The new European Data Market study aims to continue to offer a meaningful and comprehensive understanding of the main characteristics of the EU data economy. In addition, activities will be dedicated to providing reports about various aspects of the European data economy including quantitative facts and figures not yet covered by the indicators themselves. Finally, activities on the development of the community of data-related stakeholders across Europe will be further supported with regular updates on the EU data landscape.
First Report on Facts & Figures
This report presents the results obtained through the first round of measurements of the European Data Market Monitoring Tool. When presenting the forecasts of the indicators measured in this report, under three distinct scenarios, this document includes the results for 2025 and 2020.
It focuses on a number of indicators, such as the incidence of the data economy on GDP or the data professionals skills gap. Each indicator has been measured for the total EU27 and for all the EU27 Member States when available and applicable; industry-specific and company-size views are also offered, with indicators provided by industry sector and company size band, when possible. The UK and Switzerland were measured separately, as was the EEA (Norway, Iceland, and Lichtenstein), in an aggregated way. Moreover, a select number of indicators has been developed and updated for four non-European countries — namely, Brazil, Japan, the United States and China.
Data sharing in construction
This deliverable of the study develops an in-depth understanding of data sharing practices in the construction sector and the challenges ahead in the form of a quantitative story.
The main goal of the story is to produce a descriptive analysis the main critical issues of the development of the EU data economy and society in the construction sector, complementing the European Data Market statistical indicators with qualitative and quantitative evidence based on a case study and expert analysis.
More specifically, the report provides information on:
- what data is produced and can be potentially be reused
- how to support and increase the development of standards
- data certification by third parties to avoid fake data
- how to share data with the client and the authorities
- how to share data in new business models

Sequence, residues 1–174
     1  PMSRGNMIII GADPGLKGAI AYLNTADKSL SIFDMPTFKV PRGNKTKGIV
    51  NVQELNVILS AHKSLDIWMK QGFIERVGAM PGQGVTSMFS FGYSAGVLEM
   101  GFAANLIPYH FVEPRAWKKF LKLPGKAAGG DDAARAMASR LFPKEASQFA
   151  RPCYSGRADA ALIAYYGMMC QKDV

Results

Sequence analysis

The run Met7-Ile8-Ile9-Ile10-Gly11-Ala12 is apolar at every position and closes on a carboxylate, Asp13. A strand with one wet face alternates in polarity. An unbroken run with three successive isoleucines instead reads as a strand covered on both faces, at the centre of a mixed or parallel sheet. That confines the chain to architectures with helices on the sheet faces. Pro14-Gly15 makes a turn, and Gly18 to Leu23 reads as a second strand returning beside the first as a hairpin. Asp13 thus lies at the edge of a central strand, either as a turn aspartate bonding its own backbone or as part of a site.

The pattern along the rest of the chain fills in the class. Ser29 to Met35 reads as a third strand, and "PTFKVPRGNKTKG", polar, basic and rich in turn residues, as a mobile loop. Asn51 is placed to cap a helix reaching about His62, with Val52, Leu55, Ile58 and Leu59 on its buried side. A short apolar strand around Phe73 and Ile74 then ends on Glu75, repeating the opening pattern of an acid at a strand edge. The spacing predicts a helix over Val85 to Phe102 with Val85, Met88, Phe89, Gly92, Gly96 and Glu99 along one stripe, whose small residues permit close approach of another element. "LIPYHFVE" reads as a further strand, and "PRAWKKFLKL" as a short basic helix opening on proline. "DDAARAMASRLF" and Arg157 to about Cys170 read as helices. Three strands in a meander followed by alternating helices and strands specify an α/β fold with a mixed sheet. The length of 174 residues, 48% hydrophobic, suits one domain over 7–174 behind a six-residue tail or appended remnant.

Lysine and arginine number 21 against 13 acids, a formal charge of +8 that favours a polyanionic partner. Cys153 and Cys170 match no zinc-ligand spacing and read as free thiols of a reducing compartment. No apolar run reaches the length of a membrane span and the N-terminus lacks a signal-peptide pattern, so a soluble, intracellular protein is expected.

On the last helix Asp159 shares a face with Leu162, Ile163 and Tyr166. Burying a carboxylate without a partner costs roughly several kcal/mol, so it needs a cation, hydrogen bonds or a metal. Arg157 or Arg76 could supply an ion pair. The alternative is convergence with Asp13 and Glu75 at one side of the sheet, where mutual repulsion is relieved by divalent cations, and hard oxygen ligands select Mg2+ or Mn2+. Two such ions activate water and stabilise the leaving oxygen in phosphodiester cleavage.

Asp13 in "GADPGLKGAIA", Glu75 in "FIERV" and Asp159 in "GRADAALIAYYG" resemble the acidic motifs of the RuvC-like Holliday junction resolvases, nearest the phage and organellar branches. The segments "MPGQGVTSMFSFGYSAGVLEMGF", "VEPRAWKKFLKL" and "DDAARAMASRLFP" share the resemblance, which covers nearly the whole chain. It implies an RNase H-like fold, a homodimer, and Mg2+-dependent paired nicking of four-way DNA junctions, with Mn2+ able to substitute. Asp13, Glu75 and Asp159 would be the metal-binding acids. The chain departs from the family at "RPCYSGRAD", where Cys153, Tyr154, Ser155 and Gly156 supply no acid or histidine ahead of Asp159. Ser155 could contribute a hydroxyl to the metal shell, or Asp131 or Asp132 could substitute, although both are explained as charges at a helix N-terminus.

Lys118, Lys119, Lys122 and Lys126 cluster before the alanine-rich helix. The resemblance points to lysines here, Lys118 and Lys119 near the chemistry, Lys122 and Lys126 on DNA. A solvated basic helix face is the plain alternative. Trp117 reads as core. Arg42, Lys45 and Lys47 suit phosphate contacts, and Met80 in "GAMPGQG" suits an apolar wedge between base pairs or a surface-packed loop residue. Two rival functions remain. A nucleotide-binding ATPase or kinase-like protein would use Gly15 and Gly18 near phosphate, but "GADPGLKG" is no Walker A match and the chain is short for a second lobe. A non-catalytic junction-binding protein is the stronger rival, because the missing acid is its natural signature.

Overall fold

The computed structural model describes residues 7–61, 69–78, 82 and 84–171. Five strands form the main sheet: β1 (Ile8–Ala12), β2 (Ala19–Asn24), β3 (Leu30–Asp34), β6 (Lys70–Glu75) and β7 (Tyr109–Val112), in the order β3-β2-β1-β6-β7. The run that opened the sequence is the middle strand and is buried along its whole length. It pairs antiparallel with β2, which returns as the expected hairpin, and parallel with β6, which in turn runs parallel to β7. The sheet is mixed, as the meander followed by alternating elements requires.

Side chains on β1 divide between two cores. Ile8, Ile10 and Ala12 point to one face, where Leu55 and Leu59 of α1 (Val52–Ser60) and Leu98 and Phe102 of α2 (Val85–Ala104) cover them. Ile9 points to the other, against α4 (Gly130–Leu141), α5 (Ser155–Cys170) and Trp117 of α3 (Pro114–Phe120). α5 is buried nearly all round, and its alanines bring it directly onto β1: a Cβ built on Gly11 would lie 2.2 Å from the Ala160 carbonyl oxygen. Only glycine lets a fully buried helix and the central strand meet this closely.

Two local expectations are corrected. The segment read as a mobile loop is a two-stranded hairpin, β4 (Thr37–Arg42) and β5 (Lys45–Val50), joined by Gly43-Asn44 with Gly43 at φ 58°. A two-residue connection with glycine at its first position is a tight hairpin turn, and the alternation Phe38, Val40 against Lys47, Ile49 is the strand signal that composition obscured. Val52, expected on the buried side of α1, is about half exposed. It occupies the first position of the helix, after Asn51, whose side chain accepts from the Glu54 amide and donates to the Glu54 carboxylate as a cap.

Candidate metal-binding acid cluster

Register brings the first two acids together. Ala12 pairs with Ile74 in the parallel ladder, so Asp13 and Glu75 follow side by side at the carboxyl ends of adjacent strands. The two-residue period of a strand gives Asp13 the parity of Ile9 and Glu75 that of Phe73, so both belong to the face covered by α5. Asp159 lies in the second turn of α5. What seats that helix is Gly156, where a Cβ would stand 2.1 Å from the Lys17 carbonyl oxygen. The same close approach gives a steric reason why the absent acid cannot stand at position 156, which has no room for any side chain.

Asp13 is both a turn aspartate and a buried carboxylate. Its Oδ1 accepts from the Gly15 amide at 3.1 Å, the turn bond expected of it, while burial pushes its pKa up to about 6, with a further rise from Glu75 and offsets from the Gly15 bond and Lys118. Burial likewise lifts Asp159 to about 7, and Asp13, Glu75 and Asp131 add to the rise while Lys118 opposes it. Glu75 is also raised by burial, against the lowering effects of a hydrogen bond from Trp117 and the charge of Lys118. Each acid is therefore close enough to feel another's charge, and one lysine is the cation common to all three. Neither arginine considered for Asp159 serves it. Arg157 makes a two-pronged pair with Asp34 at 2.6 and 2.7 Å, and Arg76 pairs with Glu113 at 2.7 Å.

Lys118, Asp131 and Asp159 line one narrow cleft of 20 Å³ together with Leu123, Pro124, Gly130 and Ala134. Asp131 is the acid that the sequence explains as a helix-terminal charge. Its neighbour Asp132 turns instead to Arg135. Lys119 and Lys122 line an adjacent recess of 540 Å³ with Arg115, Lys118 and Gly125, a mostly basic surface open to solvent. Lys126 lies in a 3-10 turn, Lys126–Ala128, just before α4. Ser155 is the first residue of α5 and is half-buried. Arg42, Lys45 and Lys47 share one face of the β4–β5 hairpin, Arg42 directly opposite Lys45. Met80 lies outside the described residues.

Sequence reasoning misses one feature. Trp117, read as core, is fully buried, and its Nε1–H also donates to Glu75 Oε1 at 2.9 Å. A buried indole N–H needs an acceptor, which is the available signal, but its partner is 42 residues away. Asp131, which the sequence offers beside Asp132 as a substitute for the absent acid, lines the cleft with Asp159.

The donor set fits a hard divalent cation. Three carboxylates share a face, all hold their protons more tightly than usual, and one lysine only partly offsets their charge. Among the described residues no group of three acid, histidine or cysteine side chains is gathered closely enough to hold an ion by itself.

- how to share data in user communities/cloud platforms: advantages, challenges and dangers
- how to upscale micro SMEs that constitute an important part of the construction sector.
- policy recommendations.
This deliverable shows that data analytics is present across all the priority areas of the European Green Deal with a wide range of impacts. It can help with mitigation, for instance by reducing carbon emissions through precision agriculture. And it can help with adaptation, for instance by better predicting floods.
This data story consists of three main parts:
- The opportunities of Data4Green with an overview of the relevant European policy context, an explanation of the green data value cycle, a taxonomy of data-driven applications for the green transition, a reflection on the expected impact of such applications and a look at several startups that are active in the described domains.
- Specific cases on the ground to provide a more profound insight into the mechanisms through which data can impact the green transition.
- Policy implications deriving from the analysis of the opportunities and challenges in the preceding sections.
Skills for Data: How to Overcome Skills Gaps and Develop Competent Data Professionals
- This Story is the result of the research done on the great divide between the digital skills and the data workforce in the EU.
- It demonstrates through five case studies, each of which offers a unique and cross-sectoral perspective from the private sector, examples on how to develop data-driven professionals and thus enable European business success.
EU Data Landscape
- The report aims to capture the European data phenomenon and, at the same time, to provide insights on how stakeholders in the data economy develop year by year.
- The Data Landscape provides a solid mapping of the main key players in the data economy. It uses objective and well-defined criteria to select the most promising big data companies in Europe with a special focus on the 'key data companies' category.
- The mapping exercise is a dynamic process that closely follows the trends in the data economy (fintech, internet of things, artificial intelligence, secondary use of data, etc.) and aims to align with the trends and research results.
Inception report: it specifies the taxonomy and the methodology to be used during the lifetime of the study contract, as well as detailed information on the resources and objectives in accordance with the indications provided by the European Commission.